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January 21, 2014  |   Comments (0)   |   Post a comment

Alfred Karam named SBF's Administrator of the Year

The director of transportation at Bethlehem Central School District in Delmar, N.Y., has adopted a businesslike approach to running the transportation department, while also focusing on student safety. The transportation team was able to reduce its overall transportation budget by about $900,000 for the 2012-13 school year, and tracking key performance indicators has increased efficiency.

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Karam receives the Administrator of the Year award from SBF Executive Editor Thomas McMahon.
<p>Karam receives the Administrator of the Year award from <em>SBF</em> Executive Editor Thomas McMahon.</p>

Marine Corps to pupil transportation
Karam became involved in yellow bus transportation in 2000 when he joined BCSD after a 25-year career in the U.S. Marine Corps.

He says that his work in the Marine Corps prepared him well for his jobs at BCSD, and he has applied a lot of what he learned to the school district’s transportation department. Utilizing KPIs and total quality management practices is one example.

“One of my goals as I neared my exit from the Marine Corps was to get into the same line of work: dealing with people and dealing with transportation since transportation logistics was my occupational specialty,” he explains. “It’s all the same: how you lead people, manage resources, and your approach to training. The only thing I had to do when I got into this business was become certified in accordance with the state for a school bus driver instructor.”

Karam also learned a lot about leadership in the Marine Corps. He says he has held leadership positions since 1976, and he believes in sharing the knowledge and resources he has access to with the rest of his staff.

“For me, the higher you go, the more power you have to help those you are leading and managing,” Karam says. “I’m here to support my supervisors, mechanics, office staff, bus attendants and bus drivers.”

Jurewicz speaks to this and what it means for the rest of the staff.

“When Al talks about good leadership, he always expresses to everyone in the department that it starts from the bottom up,” she explains. “In other words, he gives us the tools and his confidence, reassurance and guidance for us to grow.”

Karam and technician Doug Cochrane inspect a bus. Karam works closely with the technicians, spending about 70% of his workdays addressing vehicle maintenance.
<p>Karam and technician Doug Cochrane inspect a bus. Karam works closely with the technicians, spending about 70% of his workdays addressing vehicle maintenance.</p>
Team effort
Karam’s faith in his staff and their abilities to assist him in running the transportation department is apparent when he talks about balancing his responsibilities. He has taken on the tasks that were previously held by the assistant fleet maintenance supervisor, which requires him to spend about 70% of his workdays addressing vehicle maintenance.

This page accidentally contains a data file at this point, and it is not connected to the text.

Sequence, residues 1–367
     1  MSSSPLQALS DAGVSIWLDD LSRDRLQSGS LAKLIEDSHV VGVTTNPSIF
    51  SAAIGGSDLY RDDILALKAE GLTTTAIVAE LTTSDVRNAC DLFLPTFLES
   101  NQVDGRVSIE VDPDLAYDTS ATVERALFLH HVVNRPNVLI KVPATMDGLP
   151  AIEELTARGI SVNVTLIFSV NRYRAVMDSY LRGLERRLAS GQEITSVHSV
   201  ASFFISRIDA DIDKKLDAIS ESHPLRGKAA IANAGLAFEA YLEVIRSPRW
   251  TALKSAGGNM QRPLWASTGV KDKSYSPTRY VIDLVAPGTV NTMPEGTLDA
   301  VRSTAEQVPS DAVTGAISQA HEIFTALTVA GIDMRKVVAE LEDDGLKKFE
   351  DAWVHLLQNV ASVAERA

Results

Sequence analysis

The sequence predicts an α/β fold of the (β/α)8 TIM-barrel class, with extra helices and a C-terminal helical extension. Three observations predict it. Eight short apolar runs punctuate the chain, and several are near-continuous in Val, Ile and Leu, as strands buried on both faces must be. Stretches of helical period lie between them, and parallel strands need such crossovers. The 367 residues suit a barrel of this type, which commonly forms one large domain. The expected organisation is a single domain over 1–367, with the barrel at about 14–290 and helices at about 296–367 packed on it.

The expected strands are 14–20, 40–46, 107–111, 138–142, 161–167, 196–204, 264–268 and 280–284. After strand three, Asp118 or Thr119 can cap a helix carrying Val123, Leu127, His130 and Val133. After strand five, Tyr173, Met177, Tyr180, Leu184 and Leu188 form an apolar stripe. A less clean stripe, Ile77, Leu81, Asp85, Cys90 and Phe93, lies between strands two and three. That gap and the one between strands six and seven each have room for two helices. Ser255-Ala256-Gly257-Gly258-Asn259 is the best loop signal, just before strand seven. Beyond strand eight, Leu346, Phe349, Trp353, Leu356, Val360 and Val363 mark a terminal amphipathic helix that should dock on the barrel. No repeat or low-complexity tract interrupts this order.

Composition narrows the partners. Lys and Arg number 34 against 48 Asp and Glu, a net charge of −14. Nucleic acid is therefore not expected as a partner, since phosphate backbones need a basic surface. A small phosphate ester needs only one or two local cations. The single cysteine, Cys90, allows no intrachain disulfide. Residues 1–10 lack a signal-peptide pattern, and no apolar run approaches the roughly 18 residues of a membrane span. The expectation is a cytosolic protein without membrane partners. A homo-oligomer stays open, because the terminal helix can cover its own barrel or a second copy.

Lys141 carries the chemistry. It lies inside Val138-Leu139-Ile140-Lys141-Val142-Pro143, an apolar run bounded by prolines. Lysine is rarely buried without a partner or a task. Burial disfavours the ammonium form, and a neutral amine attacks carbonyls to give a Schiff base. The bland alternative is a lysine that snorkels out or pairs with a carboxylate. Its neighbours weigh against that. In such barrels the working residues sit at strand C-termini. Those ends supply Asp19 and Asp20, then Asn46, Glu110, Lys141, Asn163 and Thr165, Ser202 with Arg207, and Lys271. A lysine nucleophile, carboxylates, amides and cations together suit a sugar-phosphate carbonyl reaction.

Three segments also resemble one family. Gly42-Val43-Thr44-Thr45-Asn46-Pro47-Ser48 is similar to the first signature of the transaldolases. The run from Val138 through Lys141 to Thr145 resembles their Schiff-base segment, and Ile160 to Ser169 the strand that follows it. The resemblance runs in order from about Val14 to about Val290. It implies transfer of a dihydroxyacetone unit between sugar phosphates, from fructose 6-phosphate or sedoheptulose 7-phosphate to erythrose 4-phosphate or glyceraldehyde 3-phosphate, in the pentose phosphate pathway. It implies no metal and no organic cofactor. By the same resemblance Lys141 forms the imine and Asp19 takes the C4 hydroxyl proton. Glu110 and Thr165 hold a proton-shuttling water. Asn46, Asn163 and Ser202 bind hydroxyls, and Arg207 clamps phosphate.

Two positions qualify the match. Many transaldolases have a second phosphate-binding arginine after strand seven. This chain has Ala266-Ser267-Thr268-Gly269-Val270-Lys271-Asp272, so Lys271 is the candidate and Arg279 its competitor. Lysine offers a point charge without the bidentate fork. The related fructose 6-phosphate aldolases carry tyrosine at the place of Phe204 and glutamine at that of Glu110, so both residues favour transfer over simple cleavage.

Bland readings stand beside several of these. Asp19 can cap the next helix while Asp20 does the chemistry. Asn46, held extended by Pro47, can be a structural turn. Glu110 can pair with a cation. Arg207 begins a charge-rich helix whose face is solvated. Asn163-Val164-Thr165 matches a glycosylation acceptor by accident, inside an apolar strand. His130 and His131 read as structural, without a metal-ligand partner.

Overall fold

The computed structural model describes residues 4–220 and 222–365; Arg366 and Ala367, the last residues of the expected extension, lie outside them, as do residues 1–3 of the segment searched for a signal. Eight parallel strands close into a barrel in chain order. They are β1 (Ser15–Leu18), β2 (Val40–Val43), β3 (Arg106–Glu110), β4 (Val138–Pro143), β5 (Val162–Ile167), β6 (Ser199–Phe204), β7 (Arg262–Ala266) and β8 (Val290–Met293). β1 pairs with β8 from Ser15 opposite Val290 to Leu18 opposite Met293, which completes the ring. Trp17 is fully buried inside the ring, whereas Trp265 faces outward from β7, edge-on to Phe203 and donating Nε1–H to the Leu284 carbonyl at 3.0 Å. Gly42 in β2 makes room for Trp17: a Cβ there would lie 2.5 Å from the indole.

“When I’m engaged in the maintenance side of things, I have full confidence that the routing and operations side is being looked after,” he says.

He adds that what has helped him take on this maintenance workload is not only having experience in maintenance management — which he obtained during his time in the Marine Corps — but having an open line of communication and a good working relationship with his technicians.

Jurewicz says that Karam has long had a strong working relationship with his technicians because he was consistently out in the shop keeping abreast of their work and ensuring that things were running smoothly.  

Karam’s response upon learning that he was the 2013 recipient of the SBF Administrator of the Year award also says a lot about his attitude toward his team.

“When I told him he won the award,” Jurewicz notes, “he said, ‘No, it’s not me, it’s all of us.’”

Mannella says Karam’s emphasis on teamwork is one of his defining characteristics, and this has earned him the respect of his colleagues within BCSD and beyond.

“He said in the NAPT awards presentation that it [winning the award] wasn’t about him,” Mannella says. “I’ve heard him say that in his facility — that it’s a team effort, and he just happens to be the supervisor. His approach is, ‘I’m not asking my employees to do anything that I’m not doing as well.’ That’s very ‘old school,’ but it’s important. People have a lot of respect for him in New York, and there’s affection for him because he’s out there doing what his employees do and learning what they learn. I find him to be very inspiring as a leader.”

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